What is a Sales Funnel and How Does It Work?
A sales funnel is a common term for a process that companies take potential buyers through on their journey toward making a purchase. It can also be referred to as a revenue funnel or simply a sales process. While a sales funnel is technically a process, the funnel concept can help you visualize your prospects’ journeys, monitor it, and make adjustments as needed.
As you might expect, a sales funnel starts broad and narrows toward the bottom. There are different process stages and terms for prospects as they move through a funnel. As prospects move through the funnel, they will disposition themselves through the information you provide to them and receive from them, eventually qualifying or disqualifying themselves.
Prospects don’t always stay in or move through the funnel, either. On their journey, prospects can fall out entirely, get stuck, and even jump further ahead in the process. The journey each prospect takes through a sales funnel is different, but the funnel itself is a constant learning opportunity for you to understand the journey your future customers are taking to become customers.
There are many examples of sales funnels that can provide a great framework for your own SaaS funnel. Many high-performing businesses and industry thinkers have created funnels with only a few steps to more than ten. Whether your funnel has only a handful of steps, stages with sub-stages, or a number of steps is entirely up to you and how your business works. However, having a sales funnel is a critical component of our SaaS growth strategies, and it’s one that we pay attention to as a SaaS debt financing lender.
So, How Should Your SaaS Funnel Work?
It would also be ineffective for us to tell you the exact makeup of your SaaS funnel, simply because we don’t know your organization and product (but we’d like to). However, we can recommend a starting point that you can build on based on the inbound methodology developed by marketing automation and CRM leader, HubSpot:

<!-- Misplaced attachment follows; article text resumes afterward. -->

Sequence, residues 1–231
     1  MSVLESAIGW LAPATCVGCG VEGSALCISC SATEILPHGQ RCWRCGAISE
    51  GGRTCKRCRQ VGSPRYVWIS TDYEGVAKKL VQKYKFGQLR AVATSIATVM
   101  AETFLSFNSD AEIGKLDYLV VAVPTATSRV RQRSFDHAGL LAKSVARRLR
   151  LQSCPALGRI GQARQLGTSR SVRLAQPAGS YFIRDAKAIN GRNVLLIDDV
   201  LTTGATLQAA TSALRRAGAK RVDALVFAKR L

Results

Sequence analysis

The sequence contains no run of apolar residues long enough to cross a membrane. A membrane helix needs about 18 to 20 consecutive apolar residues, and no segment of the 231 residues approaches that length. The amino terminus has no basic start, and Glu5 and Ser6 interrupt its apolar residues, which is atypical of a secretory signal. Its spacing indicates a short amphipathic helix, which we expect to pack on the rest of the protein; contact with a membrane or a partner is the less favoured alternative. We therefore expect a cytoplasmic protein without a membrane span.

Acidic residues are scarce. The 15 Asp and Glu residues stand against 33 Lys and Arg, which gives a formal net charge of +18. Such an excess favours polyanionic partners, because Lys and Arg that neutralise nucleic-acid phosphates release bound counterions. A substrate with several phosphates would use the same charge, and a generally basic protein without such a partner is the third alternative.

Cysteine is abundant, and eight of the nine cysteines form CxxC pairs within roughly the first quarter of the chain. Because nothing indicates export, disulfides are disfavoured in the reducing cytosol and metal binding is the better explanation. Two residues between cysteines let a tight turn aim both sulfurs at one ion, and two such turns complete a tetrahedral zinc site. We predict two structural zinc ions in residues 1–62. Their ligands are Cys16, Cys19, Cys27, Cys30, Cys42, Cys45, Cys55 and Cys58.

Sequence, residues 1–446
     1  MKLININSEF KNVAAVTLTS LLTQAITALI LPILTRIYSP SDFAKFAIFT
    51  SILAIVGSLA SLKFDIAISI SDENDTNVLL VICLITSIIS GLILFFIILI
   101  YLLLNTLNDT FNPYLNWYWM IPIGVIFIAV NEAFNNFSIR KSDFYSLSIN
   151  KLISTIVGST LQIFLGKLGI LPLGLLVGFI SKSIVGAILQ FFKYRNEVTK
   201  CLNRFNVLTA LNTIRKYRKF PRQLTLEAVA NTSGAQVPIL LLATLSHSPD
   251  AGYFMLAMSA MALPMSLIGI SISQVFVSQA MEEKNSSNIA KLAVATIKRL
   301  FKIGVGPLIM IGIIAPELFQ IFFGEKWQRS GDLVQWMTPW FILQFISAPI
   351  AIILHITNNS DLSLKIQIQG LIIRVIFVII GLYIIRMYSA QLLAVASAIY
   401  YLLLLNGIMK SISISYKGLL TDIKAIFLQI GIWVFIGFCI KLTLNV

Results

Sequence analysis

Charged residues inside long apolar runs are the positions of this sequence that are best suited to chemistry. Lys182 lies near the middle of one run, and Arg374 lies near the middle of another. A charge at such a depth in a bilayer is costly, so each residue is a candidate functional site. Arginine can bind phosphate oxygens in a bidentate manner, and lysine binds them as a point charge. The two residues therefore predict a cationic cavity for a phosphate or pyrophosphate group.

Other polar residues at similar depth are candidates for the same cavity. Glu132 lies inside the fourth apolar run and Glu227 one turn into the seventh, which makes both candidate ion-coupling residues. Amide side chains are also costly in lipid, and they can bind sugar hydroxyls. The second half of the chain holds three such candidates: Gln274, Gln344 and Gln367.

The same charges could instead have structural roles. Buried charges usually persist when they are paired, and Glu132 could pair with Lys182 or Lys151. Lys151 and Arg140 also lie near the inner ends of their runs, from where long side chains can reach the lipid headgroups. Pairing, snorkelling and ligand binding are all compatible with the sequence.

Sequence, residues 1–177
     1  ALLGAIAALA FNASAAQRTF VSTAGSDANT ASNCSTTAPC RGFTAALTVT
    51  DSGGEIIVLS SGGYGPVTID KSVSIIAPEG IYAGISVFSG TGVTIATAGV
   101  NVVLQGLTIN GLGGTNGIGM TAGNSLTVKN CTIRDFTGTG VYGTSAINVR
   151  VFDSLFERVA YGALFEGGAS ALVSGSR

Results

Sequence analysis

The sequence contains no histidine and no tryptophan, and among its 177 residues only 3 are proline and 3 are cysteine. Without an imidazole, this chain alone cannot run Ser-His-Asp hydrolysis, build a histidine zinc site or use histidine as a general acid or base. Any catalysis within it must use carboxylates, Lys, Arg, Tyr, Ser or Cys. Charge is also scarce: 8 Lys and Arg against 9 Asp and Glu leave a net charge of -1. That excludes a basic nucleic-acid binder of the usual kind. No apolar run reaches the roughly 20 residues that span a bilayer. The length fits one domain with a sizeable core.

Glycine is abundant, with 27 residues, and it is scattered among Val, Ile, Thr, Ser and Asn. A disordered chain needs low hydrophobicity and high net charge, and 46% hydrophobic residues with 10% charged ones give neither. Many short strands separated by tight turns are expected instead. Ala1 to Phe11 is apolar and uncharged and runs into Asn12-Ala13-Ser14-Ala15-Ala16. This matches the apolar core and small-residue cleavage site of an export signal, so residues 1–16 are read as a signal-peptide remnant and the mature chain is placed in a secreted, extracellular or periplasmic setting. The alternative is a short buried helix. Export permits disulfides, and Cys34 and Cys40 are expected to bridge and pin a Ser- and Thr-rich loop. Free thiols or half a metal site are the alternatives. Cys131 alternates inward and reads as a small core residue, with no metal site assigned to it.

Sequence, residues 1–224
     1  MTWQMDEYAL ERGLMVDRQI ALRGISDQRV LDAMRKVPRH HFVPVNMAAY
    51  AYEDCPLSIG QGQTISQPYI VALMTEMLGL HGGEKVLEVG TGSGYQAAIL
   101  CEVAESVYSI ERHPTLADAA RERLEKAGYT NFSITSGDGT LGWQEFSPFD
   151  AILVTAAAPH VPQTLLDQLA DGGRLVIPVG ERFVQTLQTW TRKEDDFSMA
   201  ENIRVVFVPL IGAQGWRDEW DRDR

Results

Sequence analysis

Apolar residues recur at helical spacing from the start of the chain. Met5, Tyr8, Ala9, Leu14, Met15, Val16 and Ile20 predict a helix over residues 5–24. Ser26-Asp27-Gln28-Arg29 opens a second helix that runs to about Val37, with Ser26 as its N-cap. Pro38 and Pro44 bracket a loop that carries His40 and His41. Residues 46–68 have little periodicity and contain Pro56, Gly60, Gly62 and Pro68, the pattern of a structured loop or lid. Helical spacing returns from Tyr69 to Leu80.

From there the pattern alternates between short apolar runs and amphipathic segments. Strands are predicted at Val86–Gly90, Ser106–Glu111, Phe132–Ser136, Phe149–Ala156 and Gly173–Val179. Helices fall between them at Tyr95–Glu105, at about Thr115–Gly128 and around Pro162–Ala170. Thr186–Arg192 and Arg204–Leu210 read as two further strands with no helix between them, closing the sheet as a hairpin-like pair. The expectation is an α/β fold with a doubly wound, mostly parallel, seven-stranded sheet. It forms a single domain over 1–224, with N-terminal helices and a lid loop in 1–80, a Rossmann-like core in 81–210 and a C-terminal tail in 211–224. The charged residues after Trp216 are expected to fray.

- Awareness. Before your subscribers know who you are, they’re just strangers. Through your marketing and advertising efforts, their own research, or referrals, they become visitors once they have found your website. When they complete a form, request a demo, or contact you directly, they become a lead and are in the next stage. This entire stage is the top of your funnel and where you’ll have the most prospects.
- Consideration. At this point, your marketing efforts have qualified them. They’re a marketing qualified lead (MQL). It’s now up to you or whoever will speak with the lead or demo it for them to determine whether they’re a sales-qualified lead (SQL). Throughout this process, your lead is considering whether to make a purchase. They’re in the middle of the funnel, and there’ll be fewer but more valuable contacts.
- Decision. Once an SQL has indicated an interest in moving forward, they become an opportunity. This is a bit foggy for many, as it seems like an SQL is the same as opportunity. But just because an SQL has been qualified through some action or conversation with you or your sales team doesn’t mean they’re ready to subscribe. When they’re ready to start that conversation or process, they’re an opportunity. The final step is an opportunity deciding to purchase and become a subscriber.